These bridges here also play a central role in the finest family film about the neighborhood of Boyle Heights, “My Family. Mi Familia.” (1995) The film opens with gorgeous shots of the Sixth Street Bridge. Bridges which Paco, the narrator, says remind him of his family. In that narrative the bridges always existed. And they tell the story of parents who have always crossed over these bridges in the early mornings in order to fulfill the needs of the city on the westside of the river, and then stream back at the end of the day to the eastside. In that film it repeatedly recalled our relationship with the bridges as part of the life cycle of the neighborhood. It also regards them as launch points into the world. Though it also regards them as boundaries, in that people from the westside seemed to never cross into the eastside. [We will soon explore this movie more deeply, I promise!]
The reality is that historically these bridges have served dual purposes in our lives, edifices which have united and divided us. These bridges which have connected us with the bustling city center, these same structure have long since mentally marked the lines of segregation. And this is not by accident that these bridges come with this complex psychology.
In the Jim Crow era it was clear that a Mexican American’s place downtown was as the help, but not for recreation and pleasure. While the older generation tended to abide by this apartheid, it was the youth who would challenge these boundaries and dare to take claim to the city that they felt was just as much their as everyone else; which came with backlash, as witnessed during the notorious beat-downs of the so-called Zoot Suit Riots.
Since then legal segregation has ended, yet the racial and economic divide here has only grown.
Therefore for generations of youth, our coming here has been a challenge to the boundaries of the racial and class divide which has defined this area for almost a century.
So it should come as no surprise that my friends and I come to congregate here. To both feel free in our own domain, but also to challenge and push the boundaries of the ethnic enclave from which we come. [Learn about my friends and our long occupation of the bridge: “The Spot Called ‘Nowhere’ on the Sixth Street Bridge.”]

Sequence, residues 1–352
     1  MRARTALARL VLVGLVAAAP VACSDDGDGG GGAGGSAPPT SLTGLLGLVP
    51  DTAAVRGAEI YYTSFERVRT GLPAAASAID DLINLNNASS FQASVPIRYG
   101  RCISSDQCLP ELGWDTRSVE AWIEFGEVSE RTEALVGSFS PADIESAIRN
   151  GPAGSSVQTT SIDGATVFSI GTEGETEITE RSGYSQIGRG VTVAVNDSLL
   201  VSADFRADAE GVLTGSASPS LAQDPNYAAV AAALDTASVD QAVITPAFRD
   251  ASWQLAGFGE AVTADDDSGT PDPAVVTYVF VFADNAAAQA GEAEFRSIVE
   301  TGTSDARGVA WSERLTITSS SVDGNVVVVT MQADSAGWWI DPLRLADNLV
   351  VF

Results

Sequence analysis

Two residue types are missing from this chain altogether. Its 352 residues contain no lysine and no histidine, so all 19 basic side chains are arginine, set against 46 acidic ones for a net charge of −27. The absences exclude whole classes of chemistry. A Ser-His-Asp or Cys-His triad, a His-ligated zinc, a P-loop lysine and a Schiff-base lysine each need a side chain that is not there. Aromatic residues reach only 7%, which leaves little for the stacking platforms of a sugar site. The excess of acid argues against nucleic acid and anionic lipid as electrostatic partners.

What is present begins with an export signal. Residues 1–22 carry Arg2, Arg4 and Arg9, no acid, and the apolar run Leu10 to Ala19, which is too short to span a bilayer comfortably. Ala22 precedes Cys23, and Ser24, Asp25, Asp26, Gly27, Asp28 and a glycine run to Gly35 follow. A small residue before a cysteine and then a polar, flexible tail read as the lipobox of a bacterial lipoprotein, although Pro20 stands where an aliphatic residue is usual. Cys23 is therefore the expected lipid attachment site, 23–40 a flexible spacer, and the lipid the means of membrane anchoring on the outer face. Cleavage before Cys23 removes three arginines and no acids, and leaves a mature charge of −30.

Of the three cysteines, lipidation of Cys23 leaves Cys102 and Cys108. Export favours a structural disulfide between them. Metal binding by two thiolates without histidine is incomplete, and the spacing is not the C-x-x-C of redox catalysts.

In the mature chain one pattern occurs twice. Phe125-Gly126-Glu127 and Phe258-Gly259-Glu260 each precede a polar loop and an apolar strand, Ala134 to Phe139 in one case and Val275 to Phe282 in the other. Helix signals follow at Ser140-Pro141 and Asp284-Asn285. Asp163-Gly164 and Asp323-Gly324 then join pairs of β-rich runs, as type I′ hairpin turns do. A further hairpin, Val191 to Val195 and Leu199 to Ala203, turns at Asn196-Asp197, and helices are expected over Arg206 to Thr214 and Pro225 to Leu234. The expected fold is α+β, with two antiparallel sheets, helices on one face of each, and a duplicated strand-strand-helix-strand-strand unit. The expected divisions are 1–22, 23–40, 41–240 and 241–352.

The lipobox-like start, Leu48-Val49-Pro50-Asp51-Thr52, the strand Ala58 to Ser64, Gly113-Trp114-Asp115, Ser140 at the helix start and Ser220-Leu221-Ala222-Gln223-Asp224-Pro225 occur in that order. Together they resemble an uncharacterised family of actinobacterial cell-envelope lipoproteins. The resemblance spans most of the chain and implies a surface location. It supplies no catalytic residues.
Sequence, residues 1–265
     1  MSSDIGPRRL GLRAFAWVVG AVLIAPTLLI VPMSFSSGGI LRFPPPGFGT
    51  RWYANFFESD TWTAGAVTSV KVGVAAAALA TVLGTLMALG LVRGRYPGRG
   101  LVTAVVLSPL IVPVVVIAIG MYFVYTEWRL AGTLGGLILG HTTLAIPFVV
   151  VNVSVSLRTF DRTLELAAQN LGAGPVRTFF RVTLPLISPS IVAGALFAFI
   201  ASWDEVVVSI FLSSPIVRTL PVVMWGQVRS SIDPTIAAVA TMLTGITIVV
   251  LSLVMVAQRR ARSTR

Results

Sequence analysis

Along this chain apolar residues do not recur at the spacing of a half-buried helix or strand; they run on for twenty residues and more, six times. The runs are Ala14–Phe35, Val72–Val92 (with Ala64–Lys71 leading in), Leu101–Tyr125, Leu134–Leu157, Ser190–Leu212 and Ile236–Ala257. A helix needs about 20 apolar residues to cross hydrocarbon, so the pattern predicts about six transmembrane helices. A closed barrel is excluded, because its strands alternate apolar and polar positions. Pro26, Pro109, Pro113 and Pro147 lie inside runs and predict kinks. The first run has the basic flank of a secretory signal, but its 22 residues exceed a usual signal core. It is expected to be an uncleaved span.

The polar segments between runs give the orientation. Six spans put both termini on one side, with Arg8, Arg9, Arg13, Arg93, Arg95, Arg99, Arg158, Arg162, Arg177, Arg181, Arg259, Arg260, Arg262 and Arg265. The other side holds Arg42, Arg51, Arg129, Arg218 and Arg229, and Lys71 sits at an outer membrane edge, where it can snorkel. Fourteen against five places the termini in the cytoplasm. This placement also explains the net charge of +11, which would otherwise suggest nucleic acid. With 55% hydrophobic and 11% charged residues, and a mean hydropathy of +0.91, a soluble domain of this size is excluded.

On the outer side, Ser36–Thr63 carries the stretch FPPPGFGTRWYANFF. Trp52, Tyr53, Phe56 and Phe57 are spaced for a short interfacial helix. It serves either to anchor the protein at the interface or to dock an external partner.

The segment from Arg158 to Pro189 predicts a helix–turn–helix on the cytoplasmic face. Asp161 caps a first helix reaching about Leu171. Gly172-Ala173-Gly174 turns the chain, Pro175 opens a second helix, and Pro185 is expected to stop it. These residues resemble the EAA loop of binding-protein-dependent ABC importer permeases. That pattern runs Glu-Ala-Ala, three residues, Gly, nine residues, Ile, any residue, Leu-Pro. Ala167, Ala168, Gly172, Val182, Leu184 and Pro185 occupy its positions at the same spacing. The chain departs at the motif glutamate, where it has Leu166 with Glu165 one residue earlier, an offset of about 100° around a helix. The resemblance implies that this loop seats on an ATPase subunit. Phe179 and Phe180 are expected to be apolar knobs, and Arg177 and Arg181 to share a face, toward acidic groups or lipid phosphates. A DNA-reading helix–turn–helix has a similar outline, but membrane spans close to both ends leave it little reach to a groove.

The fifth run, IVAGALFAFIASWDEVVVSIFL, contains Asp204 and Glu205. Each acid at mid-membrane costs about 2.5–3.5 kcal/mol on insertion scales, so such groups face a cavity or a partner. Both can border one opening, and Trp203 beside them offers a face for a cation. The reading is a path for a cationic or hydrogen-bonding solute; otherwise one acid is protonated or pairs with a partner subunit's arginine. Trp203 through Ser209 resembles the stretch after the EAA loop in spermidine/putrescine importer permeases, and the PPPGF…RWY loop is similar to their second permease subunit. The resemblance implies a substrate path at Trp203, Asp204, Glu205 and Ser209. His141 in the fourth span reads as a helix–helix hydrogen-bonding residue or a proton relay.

Though now as these landmarks are having holes ripped through them, its hard not to feel like they are demolishing part of our story.
Exploring Childhood Memories of the Sixth Street Bridge
For those of us who have grown up on the eastside, we have always had this complicated relationship with the bridges. I have so many memories. Some of them good and some of them bad, but they are all part of my life story.
As a child going over the Sixth Street Bridge into the westside came with a great sense of trepidation, for us to be crossing over into a world that was unknown to me and often seemed more hostile towards us Mexican Americans. And then passing back to the eastside – either going over the bridge or driving through her expanse stretching over the freeways of the East LA Interchange – I always felt this great sense of relief. As soon as we crossed I could exhale: I was home!
The first time I started going to the westside regularly was when my sister started chemo therapy for childhood leukemia back in 1984; she was four years old and I was seven years old. My sister was getting treatment at Children’s Hospital in Hollywood. This really amplified my anxiety, I didn’t like going westside.
Though as we came over the Sixth Street Bridge on our return I would get all excited and have my face plastered to the window. I was just enchanted with the area surrounding the viaduct. My mom would warn me to stay away from there, but you know as soon as I was old enough I started hanging out there myself.
Many years have passed since then, still that sense of relief that would wash over me while passing back to the eastside by way the Sixth Street Viaduct, that would remain until the very end.
What are your childhood memories of this place?